Skip to main content

Israel (British Subject's Death, Compensation)

Volume 481: debated on Wednesday 29 November 1950

The text on this page has been created from Hansard archive content, it may contain typographical errors.


asked the Secretary of State for Foreign Affairs whether he is aware that John Nixon, British Broadcasting Corporation's correspondent, was shot down and killed more than two years ago by an Israeli fighter while flying as a passenger in a Transjordan civil aircraft; that no compensation for his widow and two children has yet been received from either Government though a United Nations judicial inquiry found them both responsible; what steps have been taken to recover compensation; and what sanctions he now proposes in order to enforce payment of proper compensation.

Yes, Sir. As the aircraft in which Mr. Nixon was travelling was shot down by an Israel fighter, a claim for compensation was first lodged with the Israel Government, who eventually replied that they disclaimed legal liability but were prepared to make an unspecified ex gratia payment, provided that the Jordan Government made a like offer. This proposal was then put to the Jordan Government, who have not yet reached a decision on the matter. The question of sanctions does not arise so long as the matter is still sub judice.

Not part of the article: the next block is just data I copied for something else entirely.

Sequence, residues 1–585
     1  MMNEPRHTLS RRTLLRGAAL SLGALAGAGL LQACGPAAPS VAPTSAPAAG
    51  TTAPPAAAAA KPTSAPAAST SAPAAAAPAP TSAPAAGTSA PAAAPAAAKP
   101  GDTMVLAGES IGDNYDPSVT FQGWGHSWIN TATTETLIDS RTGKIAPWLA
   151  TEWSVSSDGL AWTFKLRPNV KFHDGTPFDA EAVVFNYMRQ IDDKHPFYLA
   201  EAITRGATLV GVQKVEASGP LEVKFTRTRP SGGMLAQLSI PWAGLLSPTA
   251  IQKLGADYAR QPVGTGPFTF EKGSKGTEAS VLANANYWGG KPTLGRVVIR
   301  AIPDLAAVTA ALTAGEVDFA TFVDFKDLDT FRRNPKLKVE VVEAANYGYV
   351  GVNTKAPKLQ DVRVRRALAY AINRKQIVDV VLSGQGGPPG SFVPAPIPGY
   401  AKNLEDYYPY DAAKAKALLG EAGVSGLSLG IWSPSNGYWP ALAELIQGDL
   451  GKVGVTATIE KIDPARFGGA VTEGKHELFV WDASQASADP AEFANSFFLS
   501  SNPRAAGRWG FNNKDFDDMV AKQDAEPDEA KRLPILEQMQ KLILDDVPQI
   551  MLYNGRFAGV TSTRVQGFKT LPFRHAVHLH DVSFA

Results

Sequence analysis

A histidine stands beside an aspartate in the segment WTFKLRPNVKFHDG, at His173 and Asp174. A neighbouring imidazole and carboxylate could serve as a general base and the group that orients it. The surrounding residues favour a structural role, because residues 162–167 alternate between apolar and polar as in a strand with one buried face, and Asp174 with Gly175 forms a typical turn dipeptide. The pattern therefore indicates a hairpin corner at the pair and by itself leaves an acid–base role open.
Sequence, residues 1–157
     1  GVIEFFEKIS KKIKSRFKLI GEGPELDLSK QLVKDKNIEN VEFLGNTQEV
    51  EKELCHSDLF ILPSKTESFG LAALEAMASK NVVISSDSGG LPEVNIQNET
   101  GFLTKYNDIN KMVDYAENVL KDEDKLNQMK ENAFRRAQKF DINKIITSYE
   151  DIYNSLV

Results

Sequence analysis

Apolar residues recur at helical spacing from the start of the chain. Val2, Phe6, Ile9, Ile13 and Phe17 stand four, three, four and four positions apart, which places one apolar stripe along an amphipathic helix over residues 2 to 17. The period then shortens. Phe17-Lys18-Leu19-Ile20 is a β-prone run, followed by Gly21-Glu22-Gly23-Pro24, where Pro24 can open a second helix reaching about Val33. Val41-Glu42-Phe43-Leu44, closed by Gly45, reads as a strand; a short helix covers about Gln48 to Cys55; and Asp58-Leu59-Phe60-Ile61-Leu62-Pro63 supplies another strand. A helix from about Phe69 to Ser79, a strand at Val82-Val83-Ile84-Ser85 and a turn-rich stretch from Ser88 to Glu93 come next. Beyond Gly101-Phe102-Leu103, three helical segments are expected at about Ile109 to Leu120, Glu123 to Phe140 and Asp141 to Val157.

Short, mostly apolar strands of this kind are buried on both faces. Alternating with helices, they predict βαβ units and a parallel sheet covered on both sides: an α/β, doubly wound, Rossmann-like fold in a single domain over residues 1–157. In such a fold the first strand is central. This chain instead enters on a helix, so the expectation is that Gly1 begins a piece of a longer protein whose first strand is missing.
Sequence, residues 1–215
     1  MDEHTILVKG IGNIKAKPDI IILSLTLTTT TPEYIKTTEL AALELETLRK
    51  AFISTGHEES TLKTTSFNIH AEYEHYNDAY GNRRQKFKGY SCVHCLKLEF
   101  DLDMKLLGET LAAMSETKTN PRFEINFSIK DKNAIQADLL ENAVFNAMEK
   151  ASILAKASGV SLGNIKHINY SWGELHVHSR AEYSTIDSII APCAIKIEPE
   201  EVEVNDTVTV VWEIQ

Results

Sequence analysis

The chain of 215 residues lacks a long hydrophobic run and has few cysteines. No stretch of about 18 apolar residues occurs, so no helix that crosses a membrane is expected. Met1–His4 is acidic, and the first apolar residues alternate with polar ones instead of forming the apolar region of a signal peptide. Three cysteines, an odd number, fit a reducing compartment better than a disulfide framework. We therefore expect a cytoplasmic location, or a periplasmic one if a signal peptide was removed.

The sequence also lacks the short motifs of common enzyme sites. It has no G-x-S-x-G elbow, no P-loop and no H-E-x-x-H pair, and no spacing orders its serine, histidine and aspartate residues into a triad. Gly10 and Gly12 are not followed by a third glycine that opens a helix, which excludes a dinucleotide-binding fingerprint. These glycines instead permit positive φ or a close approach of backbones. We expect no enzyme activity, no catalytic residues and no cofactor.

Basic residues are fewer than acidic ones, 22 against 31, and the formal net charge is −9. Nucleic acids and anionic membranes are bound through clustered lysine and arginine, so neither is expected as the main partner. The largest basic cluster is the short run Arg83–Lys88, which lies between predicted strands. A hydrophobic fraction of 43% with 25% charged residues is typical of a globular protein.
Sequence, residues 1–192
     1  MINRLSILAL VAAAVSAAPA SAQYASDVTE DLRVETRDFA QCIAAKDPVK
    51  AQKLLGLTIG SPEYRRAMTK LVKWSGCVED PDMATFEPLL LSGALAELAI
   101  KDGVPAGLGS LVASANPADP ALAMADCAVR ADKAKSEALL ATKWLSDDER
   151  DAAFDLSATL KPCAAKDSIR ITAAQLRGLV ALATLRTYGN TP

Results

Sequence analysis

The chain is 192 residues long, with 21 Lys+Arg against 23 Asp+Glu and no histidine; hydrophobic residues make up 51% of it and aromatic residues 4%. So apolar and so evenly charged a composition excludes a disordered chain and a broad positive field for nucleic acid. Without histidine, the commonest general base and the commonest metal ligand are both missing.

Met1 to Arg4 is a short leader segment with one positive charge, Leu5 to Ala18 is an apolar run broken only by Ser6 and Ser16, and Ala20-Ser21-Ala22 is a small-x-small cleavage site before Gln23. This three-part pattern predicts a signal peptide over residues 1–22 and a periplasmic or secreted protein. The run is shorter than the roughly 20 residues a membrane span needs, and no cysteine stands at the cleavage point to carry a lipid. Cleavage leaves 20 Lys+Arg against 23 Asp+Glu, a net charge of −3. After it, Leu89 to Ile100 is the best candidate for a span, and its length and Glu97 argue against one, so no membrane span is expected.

Does the hon. Gentleman appreciate that this delay in dealing with a grave injustice to a British subject is intolerable? Is he aware that in Hungary, when there was a great injustice to a British subject, a trade embargo was imposed? Why is not a similar course taken in this case?

The two cases are not at all comparable. We have made approaches to the Israel Government and, now, to the Jordan Government. We cannot force a country to act in this respect, but we are giving them time and hoping that as a result of our patience a better settlement will be made than if we took hasty action.

Does not the Under-Secretary think that two years is long enough and that it is time to bring great pressure to bear on people when injustice is done to British subjects?

That may be so, but our view is that in this case a better compensation would be received if we did not use the pressure to which the hon. and learned Member refers.

How do the Jordan Government come into the matter if this was a legal flight at the time?

That is where the difficulty has arisen, because the Israel Government claim that they had not been given notification of the flight of this aircraft.

In view of the reply which has been given, I beg to give notice that I intend to raise the matter on the Adjournment.